Edward Snowden and NSA locked in war of words over 'whistle-blower' e-mail
Former contractor insists he raised alarm about vast surveillance programmes and says release of redacted internal messages is an attempt to discredit him
Edward Snowden has hit back after the US National Security Agency released an email exchange it says proves that he questioned its legal training programmes, but provides no evidence the former contractor complained internally about vast surveillance programmes that he later leaked to the media.
"If the White House is interested in the whole truth, rather than the NSA’s clearly tailored and incomplete leak today for a political advantage, it will require the NSA to ask my former colleagues, management, and the senior leadership team about whether I, at any time, raised concerns about the NSA’s improper and at times unconstitutional surveillance activities," Snowden wrote in an e-mail to The Washington Post.
"It will not take long to receive an answer."
The release on Thursday of the April 2013 e-mails between Snowden and the NSA’s legal office is the latest round in a battle between Snowden, who casts himself as a crusading whistleblower, and US security officials, who say he failed to report his concerns to superiors before acting.
In an interview with NBC News on Wednesday, Snowden said he had raised alarms at multiple levels about the NSA’s broad collection of phone, e-mail and internet connections.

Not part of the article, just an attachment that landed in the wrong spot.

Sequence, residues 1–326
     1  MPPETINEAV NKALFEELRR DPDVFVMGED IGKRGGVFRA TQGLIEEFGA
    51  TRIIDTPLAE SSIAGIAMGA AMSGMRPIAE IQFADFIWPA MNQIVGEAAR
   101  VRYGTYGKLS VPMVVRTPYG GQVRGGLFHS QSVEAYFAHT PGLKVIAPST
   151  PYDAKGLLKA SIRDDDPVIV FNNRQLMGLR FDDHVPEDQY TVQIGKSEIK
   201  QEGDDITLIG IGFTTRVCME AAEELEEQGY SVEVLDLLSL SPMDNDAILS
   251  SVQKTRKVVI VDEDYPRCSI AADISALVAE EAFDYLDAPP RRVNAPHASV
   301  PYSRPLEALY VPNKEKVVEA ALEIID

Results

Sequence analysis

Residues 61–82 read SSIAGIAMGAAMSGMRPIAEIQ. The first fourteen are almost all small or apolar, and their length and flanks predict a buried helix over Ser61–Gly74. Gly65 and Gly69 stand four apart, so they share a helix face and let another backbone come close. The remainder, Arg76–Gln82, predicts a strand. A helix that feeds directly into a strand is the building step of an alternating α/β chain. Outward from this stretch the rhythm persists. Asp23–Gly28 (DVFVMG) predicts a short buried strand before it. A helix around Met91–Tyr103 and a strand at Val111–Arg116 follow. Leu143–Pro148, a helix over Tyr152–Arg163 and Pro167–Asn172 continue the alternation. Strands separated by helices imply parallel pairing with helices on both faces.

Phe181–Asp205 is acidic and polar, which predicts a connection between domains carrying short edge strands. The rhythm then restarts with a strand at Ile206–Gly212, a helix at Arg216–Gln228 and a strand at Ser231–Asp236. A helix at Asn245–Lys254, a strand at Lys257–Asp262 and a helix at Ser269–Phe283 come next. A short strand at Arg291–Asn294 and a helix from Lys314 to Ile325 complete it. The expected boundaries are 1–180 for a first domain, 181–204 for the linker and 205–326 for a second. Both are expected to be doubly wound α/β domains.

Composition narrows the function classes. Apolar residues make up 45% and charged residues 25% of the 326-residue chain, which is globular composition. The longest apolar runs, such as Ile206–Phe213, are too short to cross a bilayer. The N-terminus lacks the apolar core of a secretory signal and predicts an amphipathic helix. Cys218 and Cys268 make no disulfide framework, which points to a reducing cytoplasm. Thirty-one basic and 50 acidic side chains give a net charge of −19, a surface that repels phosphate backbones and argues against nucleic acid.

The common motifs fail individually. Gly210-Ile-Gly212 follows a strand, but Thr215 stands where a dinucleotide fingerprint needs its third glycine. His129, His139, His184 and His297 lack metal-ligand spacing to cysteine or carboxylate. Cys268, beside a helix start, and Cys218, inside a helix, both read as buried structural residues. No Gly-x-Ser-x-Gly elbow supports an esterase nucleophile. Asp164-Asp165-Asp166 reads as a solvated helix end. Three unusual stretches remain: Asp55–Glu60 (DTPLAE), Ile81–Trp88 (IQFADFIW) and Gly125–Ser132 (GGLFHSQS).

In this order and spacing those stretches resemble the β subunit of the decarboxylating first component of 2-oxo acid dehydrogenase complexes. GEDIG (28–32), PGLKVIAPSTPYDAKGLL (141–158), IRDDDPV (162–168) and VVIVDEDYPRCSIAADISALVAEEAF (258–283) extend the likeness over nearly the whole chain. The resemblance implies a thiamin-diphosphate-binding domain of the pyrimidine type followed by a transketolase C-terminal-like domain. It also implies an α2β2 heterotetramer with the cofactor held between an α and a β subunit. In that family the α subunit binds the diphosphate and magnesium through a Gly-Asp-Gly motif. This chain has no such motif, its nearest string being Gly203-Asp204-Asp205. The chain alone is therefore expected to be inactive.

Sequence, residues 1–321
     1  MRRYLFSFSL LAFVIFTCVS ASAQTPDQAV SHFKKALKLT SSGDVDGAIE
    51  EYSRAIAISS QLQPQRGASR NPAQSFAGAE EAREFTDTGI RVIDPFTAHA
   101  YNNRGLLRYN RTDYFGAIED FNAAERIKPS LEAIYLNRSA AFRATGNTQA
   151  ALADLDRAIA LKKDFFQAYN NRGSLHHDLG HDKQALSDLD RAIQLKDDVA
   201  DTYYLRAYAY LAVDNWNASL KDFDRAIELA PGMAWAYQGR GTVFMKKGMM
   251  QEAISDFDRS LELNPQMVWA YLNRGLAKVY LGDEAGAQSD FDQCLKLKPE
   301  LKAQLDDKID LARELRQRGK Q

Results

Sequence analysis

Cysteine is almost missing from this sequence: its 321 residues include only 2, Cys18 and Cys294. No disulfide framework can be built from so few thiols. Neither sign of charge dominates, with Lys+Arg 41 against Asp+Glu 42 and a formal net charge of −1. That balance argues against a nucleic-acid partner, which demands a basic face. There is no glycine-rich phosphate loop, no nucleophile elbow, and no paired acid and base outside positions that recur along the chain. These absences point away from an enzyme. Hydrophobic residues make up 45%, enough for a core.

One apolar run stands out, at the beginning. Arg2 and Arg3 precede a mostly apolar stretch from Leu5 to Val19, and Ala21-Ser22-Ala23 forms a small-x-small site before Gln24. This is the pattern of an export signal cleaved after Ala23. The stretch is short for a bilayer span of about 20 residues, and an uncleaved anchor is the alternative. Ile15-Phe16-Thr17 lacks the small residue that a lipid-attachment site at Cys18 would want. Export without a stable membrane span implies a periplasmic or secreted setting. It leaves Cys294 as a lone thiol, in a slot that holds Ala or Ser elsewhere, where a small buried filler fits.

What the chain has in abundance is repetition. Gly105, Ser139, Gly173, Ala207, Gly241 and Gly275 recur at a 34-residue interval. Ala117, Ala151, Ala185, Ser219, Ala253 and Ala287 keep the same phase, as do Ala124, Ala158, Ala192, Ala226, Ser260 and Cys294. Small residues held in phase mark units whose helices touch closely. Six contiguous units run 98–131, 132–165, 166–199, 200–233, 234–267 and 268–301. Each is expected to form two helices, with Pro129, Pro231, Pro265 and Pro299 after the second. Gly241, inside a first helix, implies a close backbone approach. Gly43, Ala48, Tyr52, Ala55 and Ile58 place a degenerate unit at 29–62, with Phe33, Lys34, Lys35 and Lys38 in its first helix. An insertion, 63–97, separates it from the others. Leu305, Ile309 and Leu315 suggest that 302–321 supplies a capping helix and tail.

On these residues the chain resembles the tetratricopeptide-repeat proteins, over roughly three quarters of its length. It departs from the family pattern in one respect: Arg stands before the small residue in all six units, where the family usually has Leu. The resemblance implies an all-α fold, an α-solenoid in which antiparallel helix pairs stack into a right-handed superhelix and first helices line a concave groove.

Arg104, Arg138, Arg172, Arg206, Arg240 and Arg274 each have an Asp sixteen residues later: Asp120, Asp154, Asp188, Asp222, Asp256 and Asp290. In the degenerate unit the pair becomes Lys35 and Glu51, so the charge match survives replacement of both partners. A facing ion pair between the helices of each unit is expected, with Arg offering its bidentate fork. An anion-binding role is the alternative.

"I have raised the complaints not just officially in writing through e-mail to these offices and these individuals but to my supervisors, to my colleagues, in more than one office," Snowden told the network.
"Many, many of these individuals were shocked by these programmes," Snowden said, adding that he was advised: "If you say something about this, they’re going to destroy you."
The e-mails were first released by the office of Democratic Senator Dianne Feinstein, chairwoman of the Senate Intelligence Committee.
In a statement, the NSA said: "The e-mail did not raise allegations or concerns about wrongdoing or abuse, but posed a legal question that the Office of General Counsel addressed."
"There are numerous avenues that Mr Snowden could have used to raise other concerns or whistleblower allegations. We have searched for additional indications of outreach from him in those areas and to date have not discovered any engagements related to his claims," it said.
The e-mail exchange appears to be the first internal communication by Snowden, while he was working for the NSA, to be publicly released.
In an April 5, 2013, e-mail to the NSA’s Office of General Counsel, Snowden questioned the contents of a mandatory legal training course.
The course, he wrote, cited the US Constitution as the nation’s top legal authority, followed by "Federal Statutes/Presidential Executive Orders (EO)."
"I’m not entirely certain, but this does not seem correct, as it seems to imply Executive Orders have the same precedence as law," Snowden wrote. "Could you please clarify? Thank you very much, Ed."
An unidentified official in the General Counsel’s office wrote back three days later that executive orders, issued by a US president, "have ‘the force and effect of law.’ That said, you are correct that E.O.s cannot override a statute."
Snowden accessed what US officials say is roughly 1.5 million classified documents and leaked many to news media. The documents exposed highly classified eavesdropping programmes, including one to collect details of, but not the actual content of, Americans’ telephone calls.
Snowden left the United States for Hong Kong last May, before he was granted temporary asylum by Russia. He was later indicted in the United States under the Espionage Act.